Joyful by Ingrid Fetell Lee was a joy to read. Even though I have had big losses, huge challenges, and a deep lifelong sense of social isolation due to deafness in my life, I have always been able to spot or bring joy into my day-to-day life. It is often I would buoyantly collect bouquets of flowers from our six acres, cherish the row of tree frogs grinning from the top of our barn doors, relish in baking the most chocolate-est layered cake with ganache, eagerly head out in my canoe to look for mama Sandhill Crane on her nest, and delight with a jubilant reader who figured out an unknown word or read a whole book.
Lee illustrated the power of joy in its everyday ordinariness but also backed her chapters with science and neuroscience. She even shared that “in a state of joy, our mind-set becomes more fluid and more accepting of difference” and that “joyful surprises might help disrupt harmful stereotypes, increasing the chances that we’ll see difference as delightful, rather than threatening” (p. 186).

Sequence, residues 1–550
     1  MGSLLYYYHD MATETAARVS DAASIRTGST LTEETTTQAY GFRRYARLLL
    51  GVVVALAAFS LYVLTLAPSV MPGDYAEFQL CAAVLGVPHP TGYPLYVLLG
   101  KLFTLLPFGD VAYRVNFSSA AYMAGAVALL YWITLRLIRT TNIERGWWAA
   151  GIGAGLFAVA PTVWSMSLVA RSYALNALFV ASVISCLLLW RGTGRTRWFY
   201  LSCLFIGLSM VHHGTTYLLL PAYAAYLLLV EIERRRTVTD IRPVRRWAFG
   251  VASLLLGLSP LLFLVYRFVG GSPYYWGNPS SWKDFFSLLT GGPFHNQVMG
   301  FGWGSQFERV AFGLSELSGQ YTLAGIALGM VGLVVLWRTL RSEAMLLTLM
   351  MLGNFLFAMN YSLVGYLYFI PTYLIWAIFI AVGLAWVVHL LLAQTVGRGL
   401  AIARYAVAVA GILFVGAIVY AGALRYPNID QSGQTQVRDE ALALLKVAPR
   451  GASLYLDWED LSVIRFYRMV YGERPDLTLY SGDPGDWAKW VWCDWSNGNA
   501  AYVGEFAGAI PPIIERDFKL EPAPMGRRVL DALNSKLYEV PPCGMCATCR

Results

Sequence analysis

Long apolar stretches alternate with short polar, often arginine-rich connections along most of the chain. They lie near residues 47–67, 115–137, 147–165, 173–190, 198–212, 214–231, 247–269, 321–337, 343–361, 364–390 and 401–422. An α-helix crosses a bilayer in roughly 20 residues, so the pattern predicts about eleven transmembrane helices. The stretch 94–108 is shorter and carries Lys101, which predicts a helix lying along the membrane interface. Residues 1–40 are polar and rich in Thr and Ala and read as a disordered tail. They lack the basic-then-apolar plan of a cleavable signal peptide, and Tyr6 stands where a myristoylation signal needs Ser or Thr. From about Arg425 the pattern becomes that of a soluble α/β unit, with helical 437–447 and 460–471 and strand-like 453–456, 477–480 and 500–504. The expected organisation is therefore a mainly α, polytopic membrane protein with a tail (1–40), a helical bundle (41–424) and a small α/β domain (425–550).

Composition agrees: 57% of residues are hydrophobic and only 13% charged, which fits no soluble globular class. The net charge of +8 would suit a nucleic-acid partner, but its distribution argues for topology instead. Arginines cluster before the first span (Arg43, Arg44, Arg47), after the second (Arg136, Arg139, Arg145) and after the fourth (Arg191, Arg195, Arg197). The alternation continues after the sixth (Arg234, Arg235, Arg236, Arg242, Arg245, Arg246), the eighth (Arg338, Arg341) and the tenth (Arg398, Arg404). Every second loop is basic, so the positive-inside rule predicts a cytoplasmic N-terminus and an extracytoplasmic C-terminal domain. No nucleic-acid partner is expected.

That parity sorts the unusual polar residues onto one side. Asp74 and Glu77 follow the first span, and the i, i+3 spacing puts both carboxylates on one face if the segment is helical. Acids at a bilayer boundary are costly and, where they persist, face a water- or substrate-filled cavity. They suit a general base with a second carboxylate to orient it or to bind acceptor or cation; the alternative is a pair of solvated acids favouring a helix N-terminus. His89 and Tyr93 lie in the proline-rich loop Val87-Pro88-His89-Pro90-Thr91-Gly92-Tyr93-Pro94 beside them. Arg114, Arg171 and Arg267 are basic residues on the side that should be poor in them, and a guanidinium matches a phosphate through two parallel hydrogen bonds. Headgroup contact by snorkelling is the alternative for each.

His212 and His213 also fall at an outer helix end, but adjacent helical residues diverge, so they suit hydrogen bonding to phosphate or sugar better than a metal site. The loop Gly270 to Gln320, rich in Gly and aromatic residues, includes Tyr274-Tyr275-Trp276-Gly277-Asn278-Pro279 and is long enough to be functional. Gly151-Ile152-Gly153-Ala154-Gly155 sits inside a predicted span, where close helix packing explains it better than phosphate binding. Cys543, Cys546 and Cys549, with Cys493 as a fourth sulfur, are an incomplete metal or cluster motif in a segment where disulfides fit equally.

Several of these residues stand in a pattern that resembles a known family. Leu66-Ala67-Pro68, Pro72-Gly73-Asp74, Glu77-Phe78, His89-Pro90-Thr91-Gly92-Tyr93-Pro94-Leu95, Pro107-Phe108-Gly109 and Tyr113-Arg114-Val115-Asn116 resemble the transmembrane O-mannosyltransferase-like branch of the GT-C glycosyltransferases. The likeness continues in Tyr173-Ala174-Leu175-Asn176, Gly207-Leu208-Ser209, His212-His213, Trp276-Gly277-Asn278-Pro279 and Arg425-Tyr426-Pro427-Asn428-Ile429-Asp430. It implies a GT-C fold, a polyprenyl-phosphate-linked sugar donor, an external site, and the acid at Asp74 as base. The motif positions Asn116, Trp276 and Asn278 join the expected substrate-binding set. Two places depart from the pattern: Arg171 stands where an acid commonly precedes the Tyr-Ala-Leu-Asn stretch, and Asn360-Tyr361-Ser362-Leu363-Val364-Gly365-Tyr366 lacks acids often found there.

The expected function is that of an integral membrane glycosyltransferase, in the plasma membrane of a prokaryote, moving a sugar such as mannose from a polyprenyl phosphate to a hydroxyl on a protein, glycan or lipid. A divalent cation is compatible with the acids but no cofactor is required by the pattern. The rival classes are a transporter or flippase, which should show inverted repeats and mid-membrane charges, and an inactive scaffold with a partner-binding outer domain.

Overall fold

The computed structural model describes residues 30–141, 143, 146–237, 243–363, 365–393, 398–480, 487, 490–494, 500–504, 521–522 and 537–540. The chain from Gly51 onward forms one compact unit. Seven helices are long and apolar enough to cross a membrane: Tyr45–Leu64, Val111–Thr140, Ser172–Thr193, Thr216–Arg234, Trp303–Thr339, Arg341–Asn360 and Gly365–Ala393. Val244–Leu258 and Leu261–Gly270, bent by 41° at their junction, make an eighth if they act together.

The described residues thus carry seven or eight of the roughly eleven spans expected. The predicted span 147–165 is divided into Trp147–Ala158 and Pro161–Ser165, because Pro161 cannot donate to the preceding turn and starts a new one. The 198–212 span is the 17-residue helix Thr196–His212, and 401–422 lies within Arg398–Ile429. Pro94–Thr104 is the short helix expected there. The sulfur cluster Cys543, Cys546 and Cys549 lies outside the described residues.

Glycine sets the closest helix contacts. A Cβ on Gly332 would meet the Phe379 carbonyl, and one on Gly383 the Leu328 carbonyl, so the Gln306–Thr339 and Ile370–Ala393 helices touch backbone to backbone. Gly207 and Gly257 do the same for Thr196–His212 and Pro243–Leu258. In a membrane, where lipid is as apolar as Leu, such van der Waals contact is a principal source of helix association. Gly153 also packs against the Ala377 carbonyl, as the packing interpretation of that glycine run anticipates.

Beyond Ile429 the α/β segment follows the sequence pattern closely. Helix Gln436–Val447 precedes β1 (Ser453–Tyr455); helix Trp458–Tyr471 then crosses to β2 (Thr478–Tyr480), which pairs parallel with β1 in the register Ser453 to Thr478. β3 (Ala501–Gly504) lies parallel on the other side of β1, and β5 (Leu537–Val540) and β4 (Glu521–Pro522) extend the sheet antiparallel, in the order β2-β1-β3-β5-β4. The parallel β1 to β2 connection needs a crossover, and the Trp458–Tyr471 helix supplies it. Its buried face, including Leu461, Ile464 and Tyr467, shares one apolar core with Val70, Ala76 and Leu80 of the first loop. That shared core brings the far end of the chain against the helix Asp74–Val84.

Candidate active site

Since each chapter in this book is based on a source of joy, here is a challenge for teachers, parents, and literacy coaches:
How do we bring about joy of reading and writing in each of these areas?
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